How to Be a Good Wife and Mother, Soviet-Style, II

The course on “Motherhood and Family Relations” was taught by a woman who had been born around the year when the October Revolution took place. She was “married to the revolution”, which left her single and childless.

“As you might realize, motherhood and family relations are not really my sphere of interest,” she explained on the first day of class. “But somebody had to teach this class, and my sense of duty didn’t allow me to reject this assignment.”

She gave us all a look of intense disgust and said, through clenched teeth, “This will be hard work, but I will make good wives and mothers of you yet! Just look at yourselves! All of this make-up, and those nasty skirts. . . No man in his right mind would want to marry you!”

“Good!” a student called Anya said loudly. “Because I’m into girls.”

The professor’s face became purple but she decided to ignore Anya.

“Observe how great I look, compared to you,” the professor told us. “I haven’t applied any make-up once in my life! And I always look modest and decent. A girl’s greatest ornament is her honor! So are you ready to learn how to find a husband?”

“Yes!” students Natasha and  Sveta said eagerly. They were from a small village and desperate to find a boyfriend.

“I’m not,” I said.

“Why not?” the professor asked.

“Because I’m already married, and my husband will probably not appreciate me looking for another husband at this point.”

“Well, then you need to learn how to be a mother!” the professor exclaimed. “Children are a horrrrrible burrrrrden!! If you have a baby, you will be chained to that baby for yearrrrrrs!!! It will be like being in prrrrrison!!!”

With every “r”, her voice was getting scarier and her face redder.

“Women today want to make child-rearing easier on themselves,” the professor continued. “But that is wrong! If you want to be a mother, prepare to be enslaved! There will be no diapers for you because they are evil! You should use cotton nappies and wash them by hand. Three times a day! And then iron them. On both sides!”

“On both sides?” one student asked in a terrified little voice.

“Yes! And remember that you have to boil the nappies for at least an hour! Or there will be bacteria. Bacteria everywhere! Children are nasty, dirty creatures who always make a mess.”

She kept silent for a while and added quietly, “Especially boys. Those are VERY NASTY.”

As you can probably imagine, I never went back. My colleagues, however, took motherhood classes with this professor for two semesters. At the end of the course, they had to write a 15-page essay on the evil nature of diapers and pacifiers.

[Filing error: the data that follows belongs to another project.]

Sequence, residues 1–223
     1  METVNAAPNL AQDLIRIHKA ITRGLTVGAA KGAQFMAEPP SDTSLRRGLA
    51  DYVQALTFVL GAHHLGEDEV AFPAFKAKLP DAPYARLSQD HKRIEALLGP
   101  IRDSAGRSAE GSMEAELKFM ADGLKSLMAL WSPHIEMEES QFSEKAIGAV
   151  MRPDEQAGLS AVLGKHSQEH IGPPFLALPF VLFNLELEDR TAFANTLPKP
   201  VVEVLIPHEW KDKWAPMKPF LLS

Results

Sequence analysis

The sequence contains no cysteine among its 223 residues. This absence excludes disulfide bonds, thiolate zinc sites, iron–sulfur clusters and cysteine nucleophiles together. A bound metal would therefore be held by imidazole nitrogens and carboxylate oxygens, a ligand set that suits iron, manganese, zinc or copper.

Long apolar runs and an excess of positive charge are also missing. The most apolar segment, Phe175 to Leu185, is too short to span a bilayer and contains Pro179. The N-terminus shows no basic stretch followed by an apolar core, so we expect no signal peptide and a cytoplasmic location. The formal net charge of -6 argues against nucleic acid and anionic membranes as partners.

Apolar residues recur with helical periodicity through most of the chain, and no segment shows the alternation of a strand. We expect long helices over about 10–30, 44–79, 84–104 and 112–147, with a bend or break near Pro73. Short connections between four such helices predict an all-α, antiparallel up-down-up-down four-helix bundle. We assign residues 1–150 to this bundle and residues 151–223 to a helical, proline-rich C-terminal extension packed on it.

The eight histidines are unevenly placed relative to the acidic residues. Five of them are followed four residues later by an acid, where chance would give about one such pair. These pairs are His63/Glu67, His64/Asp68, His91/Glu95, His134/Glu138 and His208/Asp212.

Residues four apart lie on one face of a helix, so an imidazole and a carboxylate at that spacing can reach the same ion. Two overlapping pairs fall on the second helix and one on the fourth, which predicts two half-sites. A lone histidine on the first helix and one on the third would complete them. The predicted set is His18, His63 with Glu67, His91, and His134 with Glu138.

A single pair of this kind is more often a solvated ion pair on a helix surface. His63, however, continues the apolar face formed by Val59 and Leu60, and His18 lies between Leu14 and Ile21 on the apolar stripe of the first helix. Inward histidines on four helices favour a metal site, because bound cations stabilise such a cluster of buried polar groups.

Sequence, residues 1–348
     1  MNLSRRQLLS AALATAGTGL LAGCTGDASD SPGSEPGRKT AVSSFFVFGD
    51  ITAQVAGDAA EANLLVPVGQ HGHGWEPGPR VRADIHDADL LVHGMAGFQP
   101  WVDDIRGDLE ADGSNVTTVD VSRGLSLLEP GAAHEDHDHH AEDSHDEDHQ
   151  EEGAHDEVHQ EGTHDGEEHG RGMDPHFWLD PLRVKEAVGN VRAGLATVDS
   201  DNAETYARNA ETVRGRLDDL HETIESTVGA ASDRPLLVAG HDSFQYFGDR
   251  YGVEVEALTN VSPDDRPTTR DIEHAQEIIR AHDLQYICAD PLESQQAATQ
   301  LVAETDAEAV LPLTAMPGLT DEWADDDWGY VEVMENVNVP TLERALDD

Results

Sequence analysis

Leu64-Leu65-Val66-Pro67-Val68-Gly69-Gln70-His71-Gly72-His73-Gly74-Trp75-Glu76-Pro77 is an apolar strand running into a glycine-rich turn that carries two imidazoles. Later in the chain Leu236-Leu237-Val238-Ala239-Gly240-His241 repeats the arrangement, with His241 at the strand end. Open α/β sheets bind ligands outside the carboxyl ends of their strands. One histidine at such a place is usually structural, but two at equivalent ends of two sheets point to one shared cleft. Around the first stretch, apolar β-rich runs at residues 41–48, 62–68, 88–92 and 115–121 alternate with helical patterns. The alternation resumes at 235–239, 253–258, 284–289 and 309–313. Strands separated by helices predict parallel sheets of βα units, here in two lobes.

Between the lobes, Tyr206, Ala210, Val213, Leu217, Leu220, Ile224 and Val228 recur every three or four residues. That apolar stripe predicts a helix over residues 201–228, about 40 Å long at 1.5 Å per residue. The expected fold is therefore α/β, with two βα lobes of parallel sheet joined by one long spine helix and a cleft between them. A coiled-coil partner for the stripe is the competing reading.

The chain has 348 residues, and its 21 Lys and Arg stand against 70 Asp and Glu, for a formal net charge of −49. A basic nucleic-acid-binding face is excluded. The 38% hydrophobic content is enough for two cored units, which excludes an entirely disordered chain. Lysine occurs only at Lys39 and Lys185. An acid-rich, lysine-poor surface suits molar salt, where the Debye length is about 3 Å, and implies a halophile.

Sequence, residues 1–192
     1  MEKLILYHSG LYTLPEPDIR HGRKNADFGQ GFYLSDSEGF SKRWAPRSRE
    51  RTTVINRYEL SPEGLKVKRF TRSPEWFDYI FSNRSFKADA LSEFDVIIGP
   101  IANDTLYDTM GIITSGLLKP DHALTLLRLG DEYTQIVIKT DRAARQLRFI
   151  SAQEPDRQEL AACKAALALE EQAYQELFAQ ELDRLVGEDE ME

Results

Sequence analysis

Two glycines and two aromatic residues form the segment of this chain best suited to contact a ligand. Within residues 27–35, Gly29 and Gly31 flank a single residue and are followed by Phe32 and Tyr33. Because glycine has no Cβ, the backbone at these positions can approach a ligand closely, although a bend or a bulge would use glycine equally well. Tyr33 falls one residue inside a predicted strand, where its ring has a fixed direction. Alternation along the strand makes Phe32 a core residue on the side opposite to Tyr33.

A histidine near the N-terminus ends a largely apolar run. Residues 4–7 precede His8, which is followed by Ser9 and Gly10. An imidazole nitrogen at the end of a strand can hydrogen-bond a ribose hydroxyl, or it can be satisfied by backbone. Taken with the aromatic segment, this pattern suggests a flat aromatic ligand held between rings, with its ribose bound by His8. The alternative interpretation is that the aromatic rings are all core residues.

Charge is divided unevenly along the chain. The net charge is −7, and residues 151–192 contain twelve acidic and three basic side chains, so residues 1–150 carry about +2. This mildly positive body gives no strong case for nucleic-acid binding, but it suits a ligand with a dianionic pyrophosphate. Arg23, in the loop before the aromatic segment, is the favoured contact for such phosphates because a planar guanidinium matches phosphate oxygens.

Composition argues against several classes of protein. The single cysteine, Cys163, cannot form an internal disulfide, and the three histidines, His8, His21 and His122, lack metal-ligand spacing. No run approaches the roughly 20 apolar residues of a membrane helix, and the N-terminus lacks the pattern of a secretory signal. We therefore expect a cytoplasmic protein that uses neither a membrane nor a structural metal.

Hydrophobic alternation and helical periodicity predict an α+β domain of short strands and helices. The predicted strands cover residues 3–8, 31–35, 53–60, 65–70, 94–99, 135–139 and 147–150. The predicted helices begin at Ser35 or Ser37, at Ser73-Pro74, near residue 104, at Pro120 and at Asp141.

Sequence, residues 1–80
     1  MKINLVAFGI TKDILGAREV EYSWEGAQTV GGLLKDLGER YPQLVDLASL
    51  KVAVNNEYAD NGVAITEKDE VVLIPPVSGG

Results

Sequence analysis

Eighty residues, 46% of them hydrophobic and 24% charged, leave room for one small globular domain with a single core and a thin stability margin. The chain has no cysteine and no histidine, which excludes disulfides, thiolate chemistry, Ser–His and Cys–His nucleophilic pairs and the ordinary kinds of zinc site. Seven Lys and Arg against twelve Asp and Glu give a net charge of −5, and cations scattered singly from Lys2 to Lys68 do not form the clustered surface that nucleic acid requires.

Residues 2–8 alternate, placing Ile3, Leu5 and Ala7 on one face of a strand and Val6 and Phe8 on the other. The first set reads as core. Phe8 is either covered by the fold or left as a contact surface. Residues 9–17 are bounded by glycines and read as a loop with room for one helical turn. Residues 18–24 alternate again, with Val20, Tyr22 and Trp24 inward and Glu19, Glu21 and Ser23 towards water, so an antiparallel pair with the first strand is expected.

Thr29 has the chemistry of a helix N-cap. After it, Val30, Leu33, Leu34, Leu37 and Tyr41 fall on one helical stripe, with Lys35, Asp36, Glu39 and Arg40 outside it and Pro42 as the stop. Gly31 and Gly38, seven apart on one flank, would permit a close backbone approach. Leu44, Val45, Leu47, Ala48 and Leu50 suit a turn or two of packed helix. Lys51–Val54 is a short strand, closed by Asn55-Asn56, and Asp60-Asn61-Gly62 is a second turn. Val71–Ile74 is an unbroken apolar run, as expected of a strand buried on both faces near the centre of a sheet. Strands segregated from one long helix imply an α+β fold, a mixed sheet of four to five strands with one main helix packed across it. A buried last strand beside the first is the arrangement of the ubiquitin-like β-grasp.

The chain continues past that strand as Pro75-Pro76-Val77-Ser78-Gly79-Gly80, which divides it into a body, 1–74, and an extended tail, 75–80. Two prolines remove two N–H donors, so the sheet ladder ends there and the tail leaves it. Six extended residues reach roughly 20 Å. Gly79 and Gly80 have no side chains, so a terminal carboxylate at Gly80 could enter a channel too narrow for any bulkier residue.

How to Be a Good Wife and Mother, Soviet-Style, I

It is curious how often ideological foes end up promoting the same beliefs and supporting the same practices. Spain’s fascist dictator Franco hated the Soviet Union, and the Soviet Union responded with an equally powerful dislike. However, there are many striking similarities in the way the two regimes functioned. Franco’s dictatorship is notorious for forcing all women to undergo humiliating classes where women were taught how to be good wives and mothers. (As you can imagine, it never occurred to anybody to offer any suggestions to men on how to be good husbands and fathers.)

Franco died the year before I was born, but I still had to take such classes. That was in 1995-1998, in the post-Soviet Ukraine. The USSR had collapsed a few years earlier, but nobody had had either the resources or the time to change the Soviet curricula in schools and universities. I majored in English and German, which meant that I had to undergo 4 years of military training.

“We are preparing you to serve as military translators in case a nuclear war begins,” the former KGB colonel who was the head of the Military Training Department explained to us.

“Excuse me,” I asked, “who will we fight against in this war?”

“The US, of course,” said the colonel.

“Can I fight on the Americans’ side, then?” I asked.

The poor elderly KGB officer blanched. Youth is cruel, and today I would have never hurt the guy’s feelings this way. He was obviously unprepared to deal with a bunch of loud-mouthed, painted, rude and cynical female students who were so unlike the earnest, shy Communist young women of his younger days.

Every Thursday for four years was dedicated exclusively to military training. Male and female students were separated for these classes. Our male colleagues were supposed to learn to march, shoot, run and jump, but there never was an instructor available to teach them, so they simply had a free day on Thursdays.

Female students, however, had to take courses on:

1. Basic human anatomy;

2. First aid;

3. Nursing;

4. And the infamous course on “Motherhood and Family Relations.”

[To be continued. . .]